With over 50% of sales online, Nordstrom’s definitely has more options to play with in 2022 when courting and curating brands and digitally native retailers. With Nordstrom’s understanding of their customers and ability to attract premium focused/affluent customers, they have an advantage over other retailers in attracting fashionable brands that want to explore new partnerships. One of the themes at NRF was collaboration and I would expect more of these in the coming years.

Anil Patel
BrainTrust

Nordstrom has grown into one of the strongest brands by setting new benchmarks of customer experiences. The modern customer knows what they want and should have and retailers need excellent domain expertise and assortments to fulfill their needs. Non-traditional partnerships can be a great opportunity for Nordstrom to expand the horizon of its customer knowledge, product assortment, and distribution.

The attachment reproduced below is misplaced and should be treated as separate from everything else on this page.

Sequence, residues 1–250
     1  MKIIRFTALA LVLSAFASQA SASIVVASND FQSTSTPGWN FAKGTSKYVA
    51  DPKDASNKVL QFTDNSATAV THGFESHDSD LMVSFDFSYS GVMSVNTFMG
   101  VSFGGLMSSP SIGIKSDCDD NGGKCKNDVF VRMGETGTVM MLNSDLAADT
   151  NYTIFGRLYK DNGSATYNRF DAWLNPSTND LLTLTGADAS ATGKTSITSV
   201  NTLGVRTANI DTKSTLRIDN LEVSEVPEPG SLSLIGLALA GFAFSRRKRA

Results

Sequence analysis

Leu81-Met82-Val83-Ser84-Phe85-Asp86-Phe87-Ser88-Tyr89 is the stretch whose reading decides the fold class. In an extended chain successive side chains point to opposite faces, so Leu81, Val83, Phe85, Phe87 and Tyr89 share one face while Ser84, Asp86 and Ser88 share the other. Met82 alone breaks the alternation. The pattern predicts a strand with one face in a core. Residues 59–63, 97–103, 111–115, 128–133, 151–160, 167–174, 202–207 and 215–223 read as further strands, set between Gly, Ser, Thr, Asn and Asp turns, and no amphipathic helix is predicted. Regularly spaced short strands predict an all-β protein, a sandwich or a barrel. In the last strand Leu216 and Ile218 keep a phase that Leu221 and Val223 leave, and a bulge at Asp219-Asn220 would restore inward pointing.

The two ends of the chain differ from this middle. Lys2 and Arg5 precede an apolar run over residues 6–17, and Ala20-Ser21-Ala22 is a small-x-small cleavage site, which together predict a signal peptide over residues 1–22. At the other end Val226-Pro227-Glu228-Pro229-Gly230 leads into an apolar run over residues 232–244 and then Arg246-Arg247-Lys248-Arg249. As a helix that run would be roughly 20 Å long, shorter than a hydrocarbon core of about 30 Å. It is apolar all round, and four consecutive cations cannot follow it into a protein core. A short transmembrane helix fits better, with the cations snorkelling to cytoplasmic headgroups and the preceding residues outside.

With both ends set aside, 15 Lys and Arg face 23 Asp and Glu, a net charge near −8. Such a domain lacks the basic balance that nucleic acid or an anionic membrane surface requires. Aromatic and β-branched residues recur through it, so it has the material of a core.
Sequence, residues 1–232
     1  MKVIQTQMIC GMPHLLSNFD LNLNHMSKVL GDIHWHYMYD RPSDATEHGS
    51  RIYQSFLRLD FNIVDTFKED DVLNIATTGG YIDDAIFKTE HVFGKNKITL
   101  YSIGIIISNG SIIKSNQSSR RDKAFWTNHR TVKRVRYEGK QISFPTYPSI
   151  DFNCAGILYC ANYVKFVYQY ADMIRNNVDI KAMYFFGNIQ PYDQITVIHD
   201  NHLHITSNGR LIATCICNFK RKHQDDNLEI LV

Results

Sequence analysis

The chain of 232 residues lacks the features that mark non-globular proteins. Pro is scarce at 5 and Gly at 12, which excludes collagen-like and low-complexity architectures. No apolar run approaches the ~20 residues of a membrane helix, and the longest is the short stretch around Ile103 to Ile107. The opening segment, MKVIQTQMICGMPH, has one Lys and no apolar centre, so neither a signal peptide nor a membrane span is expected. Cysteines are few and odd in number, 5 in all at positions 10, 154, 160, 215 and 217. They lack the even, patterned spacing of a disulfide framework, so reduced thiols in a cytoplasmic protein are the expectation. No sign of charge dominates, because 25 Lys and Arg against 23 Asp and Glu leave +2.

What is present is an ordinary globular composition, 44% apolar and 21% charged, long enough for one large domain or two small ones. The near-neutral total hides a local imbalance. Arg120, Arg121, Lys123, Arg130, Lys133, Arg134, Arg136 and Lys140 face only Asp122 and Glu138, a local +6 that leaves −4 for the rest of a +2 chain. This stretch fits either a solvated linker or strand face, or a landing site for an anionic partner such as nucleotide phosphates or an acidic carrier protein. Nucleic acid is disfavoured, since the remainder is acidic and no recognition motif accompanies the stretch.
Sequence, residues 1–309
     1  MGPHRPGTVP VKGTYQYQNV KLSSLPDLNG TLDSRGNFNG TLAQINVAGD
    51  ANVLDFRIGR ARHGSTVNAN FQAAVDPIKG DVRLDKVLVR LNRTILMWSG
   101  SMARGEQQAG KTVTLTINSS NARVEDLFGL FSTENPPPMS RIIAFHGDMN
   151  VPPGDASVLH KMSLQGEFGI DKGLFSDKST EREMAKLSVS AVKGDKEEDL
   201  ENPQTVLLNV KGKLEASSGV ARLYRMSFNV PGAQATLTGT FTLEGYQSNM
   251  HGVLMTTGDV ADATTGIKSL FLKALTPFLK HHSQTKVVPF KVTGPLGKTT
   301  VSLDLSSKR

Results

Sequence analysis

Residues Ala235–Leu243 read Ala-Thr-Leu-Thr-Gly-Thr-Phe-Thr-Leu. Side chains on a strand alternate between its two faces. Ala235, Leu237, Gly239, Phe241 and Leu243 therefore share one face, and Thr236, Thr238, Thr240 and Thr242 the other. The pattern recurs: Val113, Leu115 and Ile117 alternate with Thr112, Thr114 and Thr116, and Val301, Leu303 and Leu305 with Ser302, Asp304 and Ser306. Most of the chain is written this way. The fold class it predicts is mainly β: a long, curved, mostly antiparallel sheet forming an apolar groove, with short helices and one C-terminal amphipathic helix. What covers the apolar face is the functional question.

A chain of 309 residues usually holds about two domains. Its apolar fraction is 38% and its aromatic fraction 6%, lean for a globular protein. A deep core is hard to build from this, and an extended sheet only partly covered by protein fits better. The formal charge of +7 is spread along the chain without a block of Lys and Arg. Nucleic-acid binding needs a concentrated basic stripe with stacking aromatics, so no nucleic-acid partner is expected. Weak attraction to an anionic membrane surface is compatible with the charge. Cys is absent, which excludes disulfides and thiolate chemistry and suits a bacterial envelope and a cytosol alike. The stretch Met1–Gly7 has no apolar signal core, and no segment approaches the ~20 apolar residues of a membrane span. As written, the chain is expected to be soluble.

Strategic partnerships for mutual benefits are not new. What makes them different today is the merchandising challenge. Customers come to your store with preconceived notions regarding brand experience and expect that experience in their brand interactions. And, I am confident that in the pursuit of better growth opportunities, Nordstrom will choose only those brand partners who are capable of preserving the genuine core of its brand.

wpDiscuz
Braintrust
"Retailer partnerships with DTC brands is a model where I suspect we will see a lot of experimentation and subsequent success for all parties."
"As more (DTC) brands emerge traditional retailers will benefit by developing partnerships."
"Aligning with brands that have a point of difference is all part of the Nordstrom merchandising strategy and I am here for it."